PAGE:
Trump’s bid for a piece of Microsoft-TikTok deal could spur legal action

President Donald Trump’s unprecedented demand that the United States get a cut of the proceeds from the forced sale of Chinese internet giant ByteDance’s short-video app TikTok is based on an interpretation of U.S law that regulatory lawyers say may be open to challenges.

The Committee on Foreign Investment in the United States (CFIUS), a U.S. government panel that reviews deals for potential national security risks, has given ByteDance until Sept. 15 to negotiate a sale of TikTok to Microsoft Corp, amid concerns over the safety of personal data that the app handles under its Chinese parent.

Microsoft has said it is seeking to buy the assets of TikTok in North America, Australia and New Zealand. It has not disclosed how much it is willing to pay, though sources previously told Reuters that ByteDance executives value all of TikTok at more than $50 billion.

“A very substantial portion of that price is going to have to come into the Treasury of the United States because we’re making it possible for this deal to happen,” Trump told reporters on Monday.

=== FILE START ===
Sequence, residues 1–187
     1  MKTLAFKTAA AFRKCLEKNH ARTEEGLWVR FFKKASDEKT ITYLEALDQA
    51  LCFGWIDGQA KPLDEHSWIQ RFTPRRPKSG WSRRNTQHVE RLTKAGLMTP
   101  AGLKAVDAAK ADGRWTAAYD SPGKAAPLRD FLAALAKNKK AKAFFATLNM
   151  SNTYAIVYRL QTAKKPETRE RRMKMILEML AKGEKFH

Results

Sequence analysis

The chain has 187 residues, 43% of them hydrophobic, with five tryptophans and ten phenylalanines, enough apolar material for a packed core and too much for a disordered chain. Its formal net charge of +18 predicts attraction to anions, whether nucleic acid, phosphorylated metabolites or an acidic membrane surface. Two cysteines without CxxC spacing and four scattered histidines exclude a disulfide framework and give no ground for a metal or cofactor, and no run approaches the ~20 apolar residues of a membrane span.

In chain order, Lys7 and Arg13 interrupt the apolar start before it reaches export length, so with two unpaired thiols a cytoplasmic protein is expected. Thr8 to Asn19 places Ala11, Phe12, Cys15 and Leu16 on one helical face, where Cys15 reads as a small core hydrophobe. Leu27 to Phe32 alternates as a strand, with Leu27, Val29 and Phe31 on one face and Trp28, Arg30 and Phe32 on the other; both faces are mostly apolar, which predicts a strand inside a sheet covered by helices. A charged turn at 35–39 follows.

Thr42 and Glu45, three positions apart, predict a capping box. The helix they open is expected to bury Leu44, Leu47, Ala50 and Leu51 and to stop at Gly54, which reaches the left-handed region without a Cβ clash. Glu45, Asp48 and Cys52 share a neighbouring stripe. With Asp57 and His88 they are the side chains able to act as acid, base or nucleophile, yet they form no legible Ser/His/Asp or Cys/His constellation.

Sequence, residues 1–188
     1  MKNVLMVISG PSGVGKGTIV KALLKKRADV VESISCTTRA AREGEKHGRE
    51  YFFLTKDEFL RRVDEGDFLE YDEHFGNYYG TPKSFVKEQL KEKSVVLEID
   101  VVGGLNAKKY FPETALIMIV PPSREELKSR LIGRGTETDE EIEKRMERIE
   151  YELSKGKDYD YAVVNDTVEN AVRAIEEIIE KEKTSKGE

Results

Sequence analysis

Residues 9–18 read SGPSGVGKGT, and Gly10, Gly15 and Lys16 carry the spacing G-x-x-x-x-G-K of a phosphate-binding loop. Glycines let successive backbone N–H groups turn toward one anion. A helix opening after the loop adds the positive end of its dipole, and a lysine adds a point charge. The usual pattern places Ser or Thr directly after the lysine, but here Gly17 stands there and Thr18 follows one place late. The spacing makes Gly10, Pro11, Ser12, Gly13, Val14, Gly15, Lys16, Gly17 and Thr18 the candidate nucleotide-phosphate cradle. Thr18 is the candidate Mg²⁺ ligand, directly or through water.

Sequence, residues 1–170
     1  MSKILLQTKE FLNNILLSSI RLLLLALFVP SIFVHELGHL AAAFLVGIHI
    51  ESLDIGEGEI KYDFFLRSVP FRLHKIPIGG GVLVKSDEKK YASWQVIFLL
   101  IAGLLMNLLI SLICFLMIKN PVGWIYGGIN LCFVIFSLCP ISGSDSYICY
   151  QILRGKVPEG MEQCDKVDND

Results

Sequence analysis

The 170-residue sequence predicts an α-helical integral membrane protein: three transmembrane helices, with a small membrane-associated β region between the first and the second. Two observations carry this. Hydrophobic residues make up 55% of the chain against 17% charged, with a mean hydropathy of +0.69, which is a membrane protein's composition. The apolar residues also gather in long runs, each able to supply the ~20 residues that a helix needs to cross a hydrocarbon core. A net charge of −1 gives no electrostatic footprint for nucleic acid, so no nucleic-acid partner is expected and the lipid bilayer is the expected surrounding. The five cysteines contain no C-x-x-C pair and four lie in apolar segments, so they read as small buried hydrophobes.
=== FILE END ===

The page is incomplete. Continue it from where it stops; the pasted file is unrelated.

CFIUS legislation gives the U.S. government broad authority to seek mitigation from companies that are jeopardizing national security, legal experts said. 

While CFIUS has never before sought a cut from the proceeds of a divestiture it has ordered, the White House could argue that imposing a fee on Bytedance would deprive it of resources that would otherwise support China’s government on technology initiatives that could harm U.S. interests, some of the legal experts added.

“It’s certainly inconsistent with the intent of Congress … and with CFIUS’s long-standing concern to maintain a reputation for acting apolitically and solely on grounds of national security, but it’s not clear that it’s outside the president’s statutory authority,” said Paul Marquardt, a regulatory lawyer at Cleary Gottlieb.

The White House, the Treasury Department, Bytedance and Microsoft did not immediately respond to requests for comment.

U.S. law states that presidential decisions blocking deals on national security grounds are not subject to judicial reviews. However, a legal challenge is possible under the fifth amendment of the U.S. Constitution, which prohibits the government from seizing property without just compensation, as well as other laws, legal experts said.

While a previous fifth amendment challenge to a CFIUS order had limited success, this would be the first time a challenge could be mounted against the U.S. government imposing a deal fee, the experts added.


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